Never Built New York is a straight-forward embrace of the architectural imagination that has flourished around New York City since the Industrial Revolution. Greg Goldin and Sam Lubell have put together an exhilarating romp through the New York City-that-could-have-been with 400 pages of speculative buildings, monuments, and infrastructure.
Never Built New York traces the many trajectories of architectural work in New York City; with each proposal you see its economic sagas, its political conflicts and patronages, and its citizens’ grassroots agendas. The book is organized into geographic territories as opposed to chronologically. After reading about the fallout from Frank Gehry’s Miss Brooklyn debacle, you will bump into the 1909 proposal for a never-built Beaux Arts-style National American Indian Memorial in Brooklyn. Each project description is crystalline and lively; the book’s “pep rally” tone encourages readers to root for each outlandish and heroic endeavor. It is also unapologetically image heavy, with full-spread drawing reproductions and luxurious plans, sections, and concept sketches rounding out each story. What a joy!
Goldin and Lubell’s introduction elegantly links Thomas Cole’s painting, The Course of an Empire, to the heroic acts in New York’s architectural landscape. Architect Daniel Libeskind offers up a “poem as preface” that feels more like an open wound than a graceful homage to the unbuilt. But, it’s honest, as is much of the text; the authors’ acknowledgement of the lack of representation of women architects is admirable (although a search through student archives at Columbia, Pratt, or Cooper Union might have been a good addition). The open discussion of the David Childs versus Libeskind 9/11 throw-down was refreshing. The authors succinctly framed the contentious proposals for the United Nations, showing the dreamy, but deemed too suburban, Corona Park scheme. The shaping of Grand Central Terminal is explained in terms of political cronyism.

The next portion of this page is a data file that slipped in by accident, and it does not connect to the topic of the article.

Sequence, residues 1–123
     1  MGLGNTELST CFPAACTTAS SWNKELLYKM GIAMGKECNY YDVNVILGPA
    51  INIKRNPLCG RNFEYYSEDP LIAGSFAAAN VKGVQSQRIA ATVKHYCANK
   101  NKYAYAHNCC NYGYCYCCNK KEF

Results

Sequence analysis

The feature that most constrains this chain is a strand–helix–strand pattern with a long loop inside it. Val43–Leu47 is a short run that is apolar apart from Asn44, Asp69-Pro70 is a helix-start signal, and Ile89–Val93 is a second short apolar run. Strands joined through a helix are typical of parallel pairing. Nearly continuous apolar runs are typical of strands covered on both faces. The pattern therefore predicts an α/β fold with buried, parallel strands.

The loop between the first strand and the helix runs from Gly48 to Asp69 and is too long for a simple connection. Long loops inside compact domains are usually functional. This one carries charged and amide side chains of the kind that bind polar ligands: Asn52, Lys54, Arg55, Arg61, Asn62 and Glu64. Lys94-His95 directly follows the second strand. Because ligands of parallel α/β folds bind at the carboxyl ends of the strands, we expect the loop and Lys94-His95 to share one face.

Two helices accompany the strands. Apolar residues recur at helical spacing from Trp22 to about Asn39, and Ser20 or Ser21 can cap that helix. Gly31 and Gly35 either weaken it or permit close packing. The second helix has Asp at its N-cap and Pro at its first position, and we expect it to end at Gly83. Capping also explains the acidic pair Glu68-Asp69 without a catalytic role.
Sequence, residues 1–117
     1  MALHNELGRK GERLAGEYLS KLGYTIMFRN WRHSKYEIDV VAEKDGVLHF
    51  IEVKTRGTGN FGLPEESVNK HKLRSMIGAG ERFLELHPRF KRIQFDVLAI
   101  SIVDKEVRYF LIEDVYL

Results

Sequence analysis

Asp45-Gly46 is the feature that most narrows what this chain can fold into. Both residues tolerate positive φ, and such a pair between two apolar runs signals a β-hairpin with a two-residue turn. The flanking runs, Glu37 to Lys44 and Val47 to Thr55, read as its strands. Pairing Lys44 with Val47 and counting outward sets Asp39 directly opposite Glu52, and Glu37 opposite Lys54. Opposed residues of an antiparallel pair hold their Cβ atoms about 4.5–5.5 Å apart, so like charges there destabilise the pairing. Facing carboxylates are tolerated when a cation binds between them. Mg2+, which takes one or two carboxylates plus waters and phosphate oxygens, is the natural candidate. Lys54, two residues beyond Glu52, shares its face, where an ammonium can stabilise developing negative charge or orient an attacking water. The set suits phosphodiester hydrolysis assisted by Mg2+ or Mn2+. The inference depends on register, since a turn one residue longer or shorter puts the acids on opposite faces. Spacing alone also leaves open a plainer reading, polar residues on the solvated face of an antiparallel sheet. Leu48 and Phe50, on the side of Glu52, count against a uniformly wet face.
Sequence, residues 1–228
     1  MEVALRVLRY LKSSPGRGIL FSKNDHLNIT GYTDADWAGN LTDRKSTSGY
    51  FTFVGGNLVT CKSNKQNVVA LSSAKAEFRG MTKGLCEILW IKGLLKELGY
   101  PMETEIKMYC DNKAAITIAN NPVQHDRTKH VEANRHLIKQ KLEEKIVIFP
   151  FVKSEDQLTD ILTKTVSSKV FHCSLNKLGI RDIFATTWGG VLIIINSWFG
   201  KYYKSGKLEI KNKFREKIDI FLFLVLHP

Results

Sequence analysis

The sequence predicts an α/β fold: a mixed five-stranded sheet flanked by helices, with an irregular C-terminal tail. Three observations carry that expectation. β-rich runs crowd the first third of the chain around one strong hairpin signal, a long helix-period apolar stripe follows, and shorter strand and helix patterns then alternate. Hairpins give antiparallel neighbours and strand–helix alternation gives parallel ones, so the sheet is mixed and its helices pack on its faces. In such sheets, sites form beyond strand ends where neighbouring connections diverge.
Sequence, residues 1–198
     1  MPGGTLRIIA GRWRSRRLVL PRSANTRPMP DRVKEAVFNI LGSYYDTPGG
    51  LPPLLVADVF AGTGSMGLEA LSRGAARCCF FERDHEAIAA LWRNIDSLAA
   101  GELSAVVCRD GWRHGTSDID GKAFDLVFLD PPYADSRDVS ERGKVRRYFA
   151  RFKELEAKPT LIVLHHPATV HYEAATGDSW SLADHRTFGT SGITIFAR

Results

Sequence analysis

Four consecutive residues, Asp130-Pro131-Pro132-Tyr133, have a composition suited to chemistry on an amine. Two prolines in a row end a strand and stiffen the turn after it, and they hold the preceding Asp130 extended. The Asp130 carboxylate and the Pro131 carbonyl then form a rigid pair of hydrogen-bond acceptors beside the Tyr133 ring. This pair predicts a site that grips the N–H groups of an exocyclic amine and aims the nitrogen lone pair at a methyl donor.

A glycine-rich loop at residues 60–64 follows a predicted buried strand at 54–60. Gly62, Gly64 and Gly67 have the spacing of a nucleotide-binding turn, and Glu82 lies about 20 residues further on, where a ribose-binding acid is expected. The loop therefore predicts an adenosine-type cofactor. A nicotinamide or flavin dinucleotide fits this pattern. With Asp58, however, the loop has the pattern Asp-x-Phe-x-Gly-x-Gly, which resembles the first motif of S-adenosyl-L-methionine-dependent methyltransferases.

Interestingly enough, the reader never fully laments the demise of many of the schemes. The original version of Michael Arad’s 9/11 Memorial might have been a loss, but Venturi Scott Brown’s 1994 42nd Street pastel skyscraper was not. Like the egocentric Richard Morris Hunt’s theatrical entrances to Central Park show, New York City dodged many architectural bullets in leaving many of these proposals unbuilt. Nonetheless, the 1960s Philip Johnson Chelsea Walk apartment proposal was disarmingly handsome for the era and the architect and the Paul Rudolph Graphic Arts Center initiated by the Amalgamated Lithographers Guild is an amazing tale of American unions envisioning a physical community. American unions refusing to allow prefab housing elements to be made outside of New York City, the project remained in Rudolph’s long list of (unbuilt) dramatic urbanist architecture.
Mostly, this volume is just fun. The reader walks away with multiple ways to make a subway, infill the East River, or strike a modernist slash through the island of Manhattan, all the while knowing that the beauty of New York is all its “unsolvableness.” Readers are lucky to have this tribute to New York City as the dynamic catalyst for the architectural imagination.